Close Menu

CLIA

The California-based genetic testing firm said its new lab will be able to process 20,000 tests per day and will initially focus on COVID-19 testing.

The University of Utah spinout said it will use the funding to enhance and expand its NGS-based Explify microbe identification platform and support its lab.

With the certification, the Silicon Valley-based company aims to roll out its AvaGen test for keratoconus and corneal dystrophies beginning this quarter.

The firm said it needs more time to ensure that the DetermaVu assay is providing the most consistent and sensitive results for patients.

The company is currently conducting clinical studies to validate AlloSure's technology — which underlies its kidney transplant test — in lung transplant patients.

The test showed 90 percent sensitivity and 75 percent specificity in a 250-patient blinded study, even without the addition of clinical risk information.

The test combines the superior performance of laboratory-based PCR tests and the simplicity and convenience of traditional POC rapid immunoassays, the firm said.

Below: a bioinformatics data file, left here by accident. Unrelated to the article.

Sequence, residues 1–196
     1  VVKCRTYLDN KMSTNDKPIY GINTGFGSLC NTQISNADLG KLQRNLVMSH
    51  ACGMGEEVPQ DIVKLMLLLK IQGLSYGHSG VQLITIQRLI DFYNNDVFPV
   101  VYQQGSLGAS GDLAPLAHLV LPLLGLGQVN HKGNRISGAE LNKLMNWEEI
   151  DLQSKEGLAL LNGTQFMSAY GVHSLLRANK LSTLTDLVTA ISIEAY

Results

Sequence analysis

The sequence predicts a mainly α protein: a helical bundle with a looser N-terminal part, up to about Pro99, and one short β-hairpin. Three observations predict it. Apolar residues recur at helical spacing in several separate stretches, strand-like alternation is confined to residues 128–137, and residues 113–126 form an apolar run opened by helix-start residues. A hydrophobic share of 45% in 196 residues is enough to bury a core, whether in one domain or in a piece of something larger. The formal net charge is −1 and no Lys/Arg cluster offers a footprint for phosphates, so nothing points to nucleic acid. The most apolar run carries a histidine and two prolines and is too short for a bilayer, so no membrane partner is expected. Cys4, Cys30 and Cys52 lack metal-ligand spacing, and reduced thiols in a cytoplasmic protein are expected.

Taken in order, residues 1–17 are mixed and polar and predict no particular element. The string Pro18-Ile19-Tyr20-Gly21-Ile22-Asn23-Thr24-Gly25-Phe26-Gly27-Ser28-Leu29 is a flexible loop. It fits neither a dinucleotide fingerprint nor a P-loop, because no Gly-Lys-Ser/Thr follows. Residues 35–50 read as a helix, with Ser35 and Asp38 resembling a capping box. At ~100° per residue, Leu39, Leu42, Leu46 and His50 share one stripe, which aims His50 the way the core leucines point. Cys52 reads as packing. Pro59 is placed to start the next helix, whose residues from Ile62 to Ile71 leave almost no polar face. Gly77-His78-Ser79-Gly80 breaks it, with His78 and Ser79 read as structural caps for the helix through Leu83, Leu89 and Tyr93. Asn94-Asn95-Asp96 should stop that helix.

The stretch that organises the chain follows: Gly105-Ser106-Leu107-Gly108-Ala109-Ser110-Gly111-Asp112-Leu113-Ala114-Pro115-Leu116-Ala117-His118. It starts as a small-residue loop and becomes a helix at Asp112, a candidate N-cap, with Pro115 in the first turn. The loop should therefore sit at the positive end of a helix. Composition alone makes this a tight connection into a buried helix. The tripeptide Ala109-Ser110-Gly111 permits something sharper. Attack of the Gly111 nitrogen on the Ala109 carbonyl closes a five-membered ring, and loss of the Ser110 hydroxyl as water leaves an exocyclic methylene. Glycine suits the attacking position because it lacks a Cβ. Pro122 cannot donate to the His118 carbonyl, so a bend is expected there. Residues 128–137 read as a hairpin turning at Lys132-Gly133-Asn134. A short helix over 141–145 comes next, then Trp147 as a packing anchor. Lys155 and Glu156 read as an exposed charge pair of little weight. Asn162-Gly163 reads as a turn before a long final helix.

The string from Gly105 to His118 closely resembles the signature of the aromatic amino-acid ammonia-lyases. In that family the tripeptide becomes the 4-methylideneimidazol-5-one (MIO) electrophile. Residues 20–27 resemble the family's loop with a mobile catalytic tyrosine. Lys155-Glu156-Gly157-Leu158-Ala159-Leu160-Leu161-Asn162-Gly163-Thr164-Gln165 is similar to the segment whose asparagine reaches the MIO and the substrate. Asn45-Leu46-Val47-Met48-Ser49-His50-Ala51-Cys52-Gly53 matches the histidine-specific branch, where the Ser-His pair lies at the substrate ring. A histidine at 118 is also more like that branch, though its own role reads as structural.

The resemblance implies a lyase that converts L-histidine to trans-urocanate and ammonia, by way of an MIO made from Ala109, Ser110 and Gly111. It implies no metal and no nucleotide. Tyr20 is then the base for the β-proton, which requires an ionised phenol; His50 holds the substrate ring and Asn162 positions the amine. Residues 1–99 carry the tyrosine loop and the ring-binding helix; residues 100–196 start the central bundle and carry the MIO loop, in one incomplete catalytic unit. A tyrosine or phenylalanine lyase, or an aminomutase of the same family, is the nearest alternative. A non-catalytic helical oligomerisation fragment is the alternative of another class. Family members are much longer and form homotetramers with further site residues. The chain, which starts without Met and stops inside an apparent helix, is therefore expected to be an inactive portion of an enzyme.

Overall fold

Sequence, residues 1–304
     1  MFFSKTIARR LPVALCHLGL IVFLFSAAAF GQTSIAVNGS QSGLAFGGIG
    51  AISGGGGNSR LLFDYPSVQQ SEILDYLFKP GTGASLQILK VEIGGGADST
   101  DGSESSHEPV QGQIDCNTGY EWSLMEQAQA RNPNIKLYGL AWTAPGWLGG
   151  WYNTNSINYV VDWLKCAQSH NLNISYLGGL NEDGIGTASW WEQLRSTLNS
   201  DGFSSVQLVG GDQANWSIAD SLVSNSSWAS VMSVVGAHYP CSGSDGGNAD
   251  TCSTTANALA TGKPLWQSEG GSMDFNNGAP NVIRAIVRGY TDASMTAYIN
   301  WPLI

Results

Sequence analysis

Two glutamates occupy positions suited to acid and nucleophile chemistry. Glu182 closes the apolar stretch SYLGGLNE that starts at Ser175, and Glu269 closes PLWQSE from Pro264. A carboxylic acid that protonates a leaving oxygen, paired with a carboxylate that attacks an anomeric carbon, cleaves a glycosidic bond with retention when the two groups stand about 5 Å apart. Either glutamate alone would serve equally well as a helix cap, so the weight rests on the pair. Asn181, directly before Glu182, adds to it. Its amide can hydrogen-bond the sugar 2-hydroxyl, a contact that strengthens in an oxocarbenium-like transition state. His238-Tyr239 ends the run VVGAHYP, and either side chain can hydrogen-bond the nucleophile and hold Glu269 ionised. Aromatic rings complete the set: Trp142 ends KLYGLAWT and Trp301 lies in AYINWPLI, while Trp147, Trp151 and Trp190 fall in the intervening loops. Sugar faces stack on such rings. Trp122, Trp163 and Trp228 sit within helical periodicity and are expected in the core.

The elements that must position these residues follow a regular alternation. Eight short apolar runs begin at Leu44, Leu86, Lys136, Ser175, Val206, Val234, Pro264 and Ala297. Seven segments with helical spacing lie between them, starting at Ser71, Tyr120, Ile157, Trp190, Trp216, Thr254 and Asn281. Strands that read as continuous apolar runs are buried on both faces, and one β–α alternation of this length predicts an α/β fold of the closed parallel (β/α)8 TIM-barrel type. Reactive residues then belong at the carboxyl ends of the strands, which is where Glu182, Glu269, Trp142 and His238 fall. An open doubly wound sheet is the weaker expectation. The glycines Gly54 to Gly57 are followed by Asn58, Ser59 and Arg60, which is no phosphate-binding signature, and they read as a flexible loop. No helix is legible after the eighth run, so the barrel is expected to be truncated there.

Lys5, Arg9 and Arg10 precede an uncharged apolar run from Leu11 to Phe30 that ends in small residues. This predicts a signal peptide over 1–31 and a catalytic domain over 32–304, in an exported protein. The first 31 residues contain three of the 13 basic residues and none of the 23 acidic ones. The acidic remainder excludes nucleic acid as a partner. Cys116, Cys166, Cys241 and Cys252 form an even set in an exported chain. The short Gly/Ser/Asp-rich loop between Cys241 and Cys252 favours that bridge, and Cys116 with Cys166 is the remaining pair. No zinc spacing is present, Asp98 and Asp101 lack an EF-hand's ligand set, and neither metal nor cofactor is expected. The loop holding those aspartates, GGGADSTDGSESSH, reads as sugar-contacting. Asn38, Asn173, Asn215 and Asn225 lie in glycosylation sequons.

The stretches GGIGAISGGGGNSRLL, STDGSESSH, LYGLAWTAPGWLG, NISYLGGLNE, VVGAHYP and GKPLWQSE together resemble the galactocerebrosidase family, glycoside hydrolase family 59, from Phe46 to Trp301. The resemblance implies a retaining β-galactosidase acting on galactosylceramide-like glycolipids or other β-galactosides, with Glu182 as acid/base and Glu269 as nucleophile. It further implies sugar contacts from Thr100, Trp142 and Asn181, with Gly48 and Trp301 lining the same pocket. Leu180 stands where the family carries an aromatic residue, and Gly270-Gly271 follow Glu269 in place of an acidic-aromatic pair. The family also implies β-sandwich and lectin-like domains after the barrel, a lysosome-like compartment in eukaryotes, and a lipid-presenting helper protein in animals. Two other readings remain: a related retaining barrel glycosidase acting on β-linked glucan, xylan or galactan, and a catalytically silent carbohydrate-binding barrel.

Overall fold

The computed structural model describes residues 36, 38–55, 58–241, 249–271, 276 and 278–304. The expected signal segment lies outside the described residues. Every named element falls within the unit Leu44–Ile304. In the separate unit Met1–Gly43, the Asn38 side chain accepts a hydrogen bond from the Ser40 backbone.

Abbott said that the next-generation molecular POC assays have also been CLIA waived for use on the Abbott ID NOW instrument, formerly called Alere i.

The agency's regulatory plan differs in key areas from a draft of the Diagnostic Accuracy and Innovation Act that had shored up lab industry support.

The test, which uses automated reverse-transcription real-time PCR, expands the firm's menu of CLIA-waived tests for use in near-patient and point-of-care settings.

Pages

Novavax has begun a phase III trial of its SARS-CoV-2 vaccine, according to the New York Times.

Vox reports that the Trump Administration may limit student visas for individuals from some countries to two years.

The governor of New York says the state will conduct its own review of any SARS-CoV-2 vaccine, NPR reports.

This week in Science: Neanderthal Y chromosomes replaced by Homo sapiens Y chromosomes, and more.